Beta Pictoris b in Pictures: An Alien Planet Image Gallery

Artist’s Impression of the Planet Beta Pictoris b

ESO L. Calçada/N. Risinger

This artist’s view shows the planet orbiting the young star Beta Pictoris. This exoplanet is the first to have its rotation rate measured. Its eight-hour day corresponds to an equatorial rotation speed of 100,000 kilometers/hour — much faster than any planet in the Solar System. [Read the Full Story Here]

Star Beta Pictoris

ESO/Digitized Sky Survey 2

The star Beta Pictoris (center) is located 63 light-years from Earth in the constellation Pictor, the Painter, and is about 12 million years old and 75-percent more massive than our sun. Image from the European Southern Observatory's Digitized Sky Survey 2. [Read the Full Story Here]

Whirling Dervish: Fastest-Spinning Exoplanet Discovered (Infographic)

By Karl Tate, Infographics Artist

On Beta Pictoris b, a planet still forming nearly 64 light-years away, a day lasts only 8.1 hours. See how Beta Pictoris b spins so fast in this infographic. [Read the Full Story Here]

Mass and Rotation Speed of Planets Graph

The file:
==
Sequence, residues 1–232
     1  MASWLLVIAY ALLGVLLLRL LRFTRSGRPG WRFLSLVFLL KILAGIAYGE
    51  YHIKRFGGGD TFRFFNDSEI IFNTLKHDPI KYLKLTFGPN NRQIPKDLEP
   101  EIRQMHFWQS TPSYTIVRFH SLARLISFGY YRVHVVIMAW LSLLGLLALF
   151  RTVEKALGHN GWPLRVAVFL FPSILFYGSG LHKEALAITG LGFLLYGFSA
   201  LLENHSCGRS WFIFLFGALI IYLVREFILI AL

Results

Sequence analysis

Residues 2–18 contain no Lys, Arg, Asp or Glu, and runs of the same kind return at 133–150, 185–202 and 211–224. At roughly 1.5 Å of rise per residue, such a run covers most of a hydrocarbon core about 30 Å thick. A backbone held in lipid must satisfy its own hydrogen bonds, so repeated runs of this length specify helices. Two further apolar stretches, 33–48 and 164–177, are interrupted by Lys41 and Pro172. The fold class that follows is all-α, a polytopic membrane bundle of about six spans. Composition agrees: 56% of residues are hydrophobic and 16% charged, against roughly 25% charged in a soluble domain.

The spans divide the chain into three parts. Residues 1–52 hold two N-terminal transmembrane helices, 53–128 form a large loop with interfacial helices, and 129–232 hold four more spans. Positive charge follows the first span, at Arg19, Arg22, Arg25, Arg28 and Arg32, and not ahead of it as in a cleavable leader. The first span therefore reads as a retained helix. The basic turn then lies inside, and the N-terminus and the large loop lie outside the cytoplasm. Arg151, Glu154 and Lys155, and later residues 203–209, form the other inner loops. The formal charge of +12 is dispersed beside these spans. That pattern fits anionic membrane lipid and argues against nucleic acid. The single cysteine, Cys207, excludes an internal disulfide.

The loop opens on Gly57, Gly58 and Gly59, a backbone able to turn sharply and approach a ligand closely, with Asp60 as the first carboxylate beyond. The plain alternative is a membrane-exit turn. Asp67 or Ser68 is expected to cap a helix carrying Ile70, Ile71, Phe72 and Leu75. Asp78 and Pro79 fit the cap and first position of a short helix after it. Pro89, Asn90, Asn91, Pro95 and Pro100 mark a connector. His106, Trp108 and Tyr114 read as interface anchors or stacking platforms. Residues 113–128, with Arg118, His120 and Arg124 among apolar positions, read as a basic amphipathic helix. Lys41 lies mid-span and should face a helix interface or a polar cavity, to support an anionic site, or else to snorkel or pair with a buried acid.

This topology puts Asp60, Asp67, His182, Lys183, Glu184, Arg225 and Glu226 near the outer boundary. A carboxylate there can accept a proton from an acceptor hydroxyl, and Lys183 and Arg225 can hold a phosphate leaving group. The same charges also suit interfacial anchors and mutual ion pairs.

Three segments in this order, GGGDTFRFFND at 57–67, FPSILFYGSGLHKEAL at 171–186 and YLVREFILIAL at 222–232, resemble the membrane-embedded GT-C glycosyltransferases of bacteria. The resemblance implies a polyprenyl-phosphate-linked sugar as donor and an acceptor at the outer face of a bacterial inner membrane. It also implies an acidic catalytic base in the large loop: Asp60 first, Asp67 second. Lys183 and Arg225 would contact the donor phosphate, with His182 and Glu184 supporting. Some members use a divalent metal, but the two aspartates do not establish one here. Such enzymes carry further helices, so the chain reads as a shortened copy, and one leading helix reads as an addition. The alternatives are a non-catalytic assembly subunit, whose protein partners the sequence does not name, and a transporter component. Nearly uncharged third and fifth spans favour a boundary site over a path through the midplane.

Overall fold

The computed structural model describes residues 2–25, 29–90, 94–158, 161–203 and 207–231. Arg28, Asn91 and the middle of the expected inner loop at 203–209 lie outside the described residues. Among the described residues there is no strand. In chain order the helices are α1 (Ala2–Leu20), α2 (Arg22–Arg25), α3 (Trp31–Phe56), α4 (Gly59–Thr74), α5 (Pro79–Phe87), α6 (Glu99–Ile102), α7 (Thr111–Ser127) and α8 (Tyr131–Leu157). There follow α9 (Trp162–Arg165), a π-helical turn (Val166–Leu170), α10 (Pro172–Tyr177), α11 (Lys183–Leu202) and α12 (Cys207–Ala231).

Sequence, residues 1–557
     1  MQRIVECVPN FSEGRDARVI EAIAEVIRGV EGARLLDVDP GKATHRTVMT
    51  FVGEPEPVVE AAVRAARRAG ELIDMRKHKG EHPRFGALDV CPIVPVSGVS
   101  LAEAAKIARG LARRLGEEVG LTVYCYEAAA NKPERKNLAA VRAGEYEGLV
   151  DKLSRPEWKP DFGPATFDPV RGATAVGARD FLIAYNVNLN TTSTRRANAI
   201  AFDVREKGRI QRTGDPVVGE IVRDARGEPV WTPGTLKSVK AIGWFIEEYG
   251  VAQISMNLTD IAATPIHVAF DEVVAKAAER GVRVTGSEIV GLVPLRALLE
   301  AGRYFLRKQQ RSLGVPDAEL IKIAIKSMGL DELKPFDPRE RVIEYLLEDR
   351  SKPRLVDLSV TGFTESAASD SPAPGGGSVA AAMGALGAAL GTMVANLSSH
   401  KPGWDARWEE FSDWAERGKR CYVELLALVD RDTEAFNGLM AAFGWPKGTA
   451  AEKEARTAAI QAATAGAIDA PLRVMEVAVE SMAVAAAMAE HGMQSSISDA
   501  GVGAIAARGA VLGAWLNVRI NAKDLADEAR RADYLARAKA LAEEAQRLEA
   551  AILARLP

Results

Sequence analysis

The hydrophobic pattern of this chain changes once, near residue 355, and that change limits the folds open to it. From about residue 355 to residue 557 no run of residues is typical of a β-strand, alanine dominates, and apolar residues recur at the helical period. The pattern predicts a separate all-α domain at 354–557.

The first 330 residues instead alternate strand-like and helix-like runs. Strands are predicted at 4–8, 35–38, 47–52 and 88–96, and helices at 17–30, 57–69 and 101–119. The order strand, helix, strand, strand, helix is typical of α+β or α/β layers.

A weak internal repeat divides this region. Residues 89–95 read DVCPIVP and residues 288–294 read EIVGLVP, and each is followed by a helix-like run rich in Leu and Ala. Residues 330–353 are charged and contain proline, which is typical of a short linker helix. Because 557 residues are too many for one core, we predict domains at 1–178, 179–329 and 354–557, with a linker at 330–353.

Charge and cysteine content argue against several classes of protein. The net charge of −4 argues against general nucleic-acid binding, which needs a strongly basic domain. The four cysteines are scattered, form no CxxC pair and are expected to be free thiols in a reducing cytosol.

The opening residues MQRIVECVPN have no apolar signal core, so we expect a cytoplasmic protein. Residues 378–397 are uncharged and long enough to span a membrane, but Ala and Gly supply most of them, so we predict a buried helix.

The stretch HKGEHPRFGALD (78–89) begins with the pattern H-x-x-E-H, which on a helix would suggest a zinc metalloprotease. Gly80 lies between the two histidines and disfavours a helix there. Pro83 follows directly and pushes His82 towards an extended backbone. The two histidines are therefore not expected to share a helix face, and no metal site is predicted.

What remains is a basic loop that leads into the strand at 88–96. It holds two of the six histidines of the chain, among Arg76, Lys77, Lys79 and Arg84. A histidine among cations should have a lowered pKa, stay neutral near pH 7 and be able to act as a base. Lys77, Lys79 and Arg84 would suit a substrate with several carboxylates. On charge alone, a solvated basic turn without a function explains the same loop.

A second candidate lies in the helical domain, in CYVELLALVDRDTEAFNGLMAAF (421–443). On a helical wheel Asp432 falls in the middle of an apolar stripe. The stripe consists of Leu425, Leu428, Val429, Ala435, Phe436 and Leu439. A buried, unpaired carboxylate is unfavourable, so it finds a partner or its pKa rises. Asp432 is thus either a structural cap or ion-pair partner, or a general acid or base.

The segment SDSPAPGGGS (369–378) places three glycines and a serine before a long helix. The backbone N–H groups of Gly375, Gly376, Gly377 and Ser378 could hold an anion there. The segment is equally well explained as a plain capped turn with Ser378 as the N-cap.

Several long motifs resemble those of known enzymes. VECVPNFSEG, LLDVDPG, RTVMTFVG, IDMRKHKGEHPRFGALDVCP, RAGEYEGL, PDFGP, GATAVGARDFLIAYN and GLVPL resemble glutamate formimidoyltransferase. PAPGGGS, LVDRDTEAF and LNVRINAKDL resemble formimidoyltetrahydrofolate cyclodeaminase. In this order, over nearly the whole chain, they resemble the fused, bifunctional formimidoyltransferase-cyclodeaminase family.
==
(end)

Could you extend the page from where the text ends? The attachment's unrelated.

ESO/I. Snellen (Leiden University)

This graphic shows the rotation speeds of several of the planets in the Solar System along with the recently measured spin rate of the planet Beta Pictoris b. [Read the Full Story Here]

Beta Pictoris b

Processing by Christian Marois, NRC

Gemini Planet Imager’s first light image shows Beta Pictoris b—a planet orbiting the star Beta Pictoris. The star, Beta Pictoris, is blocked in this image by a mask so its light doesn't interfere with the light of the planet. [Read the Full Story Here]

ALMA Observations of Beta Pictoris Preferred Model Illustration

NASA's Goddard Space Flight Center/F. Reddy

This artist's concept illustrates the preferred model for explaining ALMA observations of Beta Pictoris. At the outer fringes of the system, the gravitational influence of a hypothetical giant planet (bottom left) captures comets into a dense, massive swarm (right) where frequent collisions occur. [Read the Full Story Here]

Beta Pictoris Mystery Planet Evidence: ALMA

ALMA (ESO/NAOJ/NRAO) and NASA's Goddard Space Flight Center/F. Reddy

The ALMA radio telescope image of carbon monoxide around the star Beta Pictoris (above) can be deprojected (below) to simulate a view looking down on the system, revealing the large concentration of gas in its outer reaches. For comparison, orbits within our solar system are shown for scale [Read the Full Story Here]

Map of the Sky Around Beta Pictoris

ESO, IAU and Sky & Telescope

The position of the star Beta Pictoris is marked with a circle on this chart of the constellation Pictor (The Painter’s Easel). As indicated by its name, this is the second brightest star in its constellation. Together with most of the stars marked on this chart, it can be seen in a dark sky with the unaided eye. [Read the Full Story Here]

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